• A therapeutic recreation class is doing a service-learning project over two semesters. They are working with mentally retarded and developmentally disabled adults. In addition to raising funds, they are cooking dinner for another local agency that hosted a Friday Night Supper for people living in poverty. In this example, students benefit from interacting with various types of clients, and the clients benefit from the interactions of various community groups. Another idea is to have seniors interact with young children in a day care program; seniors often value opportunities for companionship, and young children need to have positive interactions with adults.
  • A leisure philosophy class of 30 students is divided into groups of three to five students. Each group of students identifies its own clients. Each group customizes its leisure education programs based on its clients' leisure needs. Students work with diverse groups, such as homebound elderly seniors, children with special needs, family members, and even other college students. Each service project has the same learning outcomes, but the way that students shape each project depends on each client's needs.

Service-learning projects can also deliver indirect services; that is, students are not directly involved with the people they are serving. Examples of indirect service include environmental cleanup and grant writing. Health, recreation, and physical education are hands-on professions. Service-learning projects in these areas-projects that include direct interaction with clients-tend to provide the most learning opportunities. In cases where the client's need is great, and where you feel that that need is important, indirect service may make sense if it fits your class' learning outcomes. For example, a class on research and evaluation may choose to evaluate a program for an agency (indirect service) rather than directly deliver the program.

Here are some ideas for direct-service programs in health, physical education, and recreation. Most of these programs can be used with people of all ages. Also consider using these programs with groups who have special needs, such as persons with physical or mental impairments, or with those who are considered at risk due to socioeconomic status or other problematic living circumstances. Your best ideas will come from learning about the needs of your community, such as these:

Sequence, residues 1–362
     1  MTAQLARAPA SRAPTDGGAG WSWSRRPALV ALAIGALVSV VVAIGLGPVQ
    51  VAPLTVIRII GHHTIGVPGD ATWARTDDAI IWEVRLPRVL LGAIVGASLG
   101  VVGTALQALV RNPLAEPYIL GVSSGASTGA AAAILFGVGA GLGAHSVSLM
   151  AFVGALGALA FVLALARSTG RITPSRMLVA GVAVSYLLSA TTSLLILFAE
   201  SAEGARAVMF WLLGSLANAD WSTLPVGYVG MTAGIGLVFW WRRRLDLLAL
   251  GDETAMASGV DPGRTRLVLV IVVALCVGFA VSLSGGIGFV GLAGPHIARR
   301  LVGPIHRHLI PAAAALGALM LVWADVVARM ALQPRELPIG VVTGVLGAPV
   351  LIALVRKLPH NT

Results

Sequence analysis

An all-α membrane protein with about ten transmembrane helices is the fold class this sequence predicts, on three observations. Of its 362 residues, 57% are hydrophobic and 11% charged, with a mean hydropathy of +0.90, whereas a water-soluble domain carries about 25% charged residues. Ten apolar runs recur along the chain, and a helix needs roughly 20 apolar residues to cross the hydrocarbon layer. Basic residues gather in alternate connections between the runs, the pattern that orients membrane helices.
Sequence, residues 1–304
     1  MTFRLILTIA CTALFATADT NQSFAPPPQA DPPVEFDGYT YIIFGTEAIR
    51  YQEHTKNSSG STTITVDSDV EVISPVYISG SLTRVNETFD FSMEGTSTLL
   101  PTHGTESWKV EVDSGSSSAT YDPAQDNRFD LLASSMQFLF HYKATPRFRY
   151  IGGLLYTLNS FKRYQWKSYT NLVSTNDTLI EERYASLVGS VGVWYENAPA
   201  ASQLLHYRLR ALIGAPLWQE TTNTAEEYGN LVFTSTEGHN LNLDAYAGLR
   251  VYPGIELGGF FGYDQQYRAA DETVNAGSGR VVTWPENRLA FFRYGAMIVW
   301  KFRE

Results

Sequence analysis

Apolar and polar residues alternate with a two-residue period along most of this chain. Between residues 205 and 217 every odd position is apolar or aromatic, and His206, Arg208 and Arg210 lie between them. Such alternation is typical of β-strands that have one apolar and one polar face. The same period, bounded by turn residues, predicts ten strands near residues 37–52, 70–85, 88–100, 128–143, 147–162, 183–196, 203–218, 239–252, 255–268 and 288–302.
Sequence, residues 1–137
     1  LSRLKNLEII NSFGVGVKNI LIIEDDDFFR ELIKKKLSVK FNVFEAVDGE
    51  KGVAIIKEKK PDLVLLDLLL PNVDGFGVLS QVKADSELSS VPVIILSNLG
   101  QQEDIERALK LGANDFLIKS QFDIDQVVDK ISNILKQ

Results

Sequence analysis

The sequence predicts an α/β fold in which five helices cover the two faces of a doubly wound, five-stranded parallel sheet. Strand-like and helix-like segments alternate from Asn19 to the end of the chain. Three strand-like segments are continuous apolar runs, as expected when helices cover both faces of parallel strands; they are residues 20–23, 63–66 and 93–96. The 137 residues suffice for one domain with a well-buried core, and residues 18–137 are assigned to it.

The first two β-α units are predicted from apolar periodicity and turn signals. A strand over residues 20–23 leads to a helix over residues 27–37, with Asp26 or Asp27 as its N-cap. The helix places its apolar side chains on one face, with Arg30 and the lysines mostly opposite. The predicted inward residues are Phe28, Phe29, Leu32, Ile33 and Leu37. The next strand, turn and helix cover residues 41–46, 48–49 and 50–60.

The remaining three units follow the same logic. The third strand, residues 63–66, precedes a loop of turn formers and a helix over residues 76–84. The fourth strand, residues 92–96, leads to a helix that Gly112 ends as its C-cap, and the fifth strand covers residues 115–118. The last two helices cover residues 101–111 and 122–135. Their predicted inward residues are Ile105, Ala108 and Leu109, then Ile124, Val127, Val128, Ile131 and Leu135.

• Physical fitness
  • Physical activity and active living to improve strength, cardiorespiratory health, and flexibility
  • Good nutrition
  • Achieving and maintaining a healthy weight
  • Health education
  • Smoking cessation
  • Early detection, prevention, and treatment of illnesses such as diabetes, heart disease, and cancer
  • Leisure education
  • Reducing or treating substance abuse
  • Stress management and time management
  • Tutoring and mentoring with a health and physical activity focus
  • After-school recreation activities
  • Conducting program evaluations and writing grant proposals
  • Improving social skills for improved peer and adult interactions
  • Life skills and character development
  • Sports, intramural activities, and other recreational pursuits
  • Creative leisure pursuits such as arts and crafts, theater, and dance
  • Adventure activities, outdoor programs, and environmental education

Although your class may find the project-launching activities and team building to be somewhat tedious, remember that all successful projects require careful planning and thorough preparation. Your patience and commitment will be rewarded. You will learn valuable lessons, the benefits of which will last far into the future.

This is an excerpt from Service Learning for Health, Physical Education, and Recreation: A Step-by-Step Guide.

More Excerpts From Service Learning for Health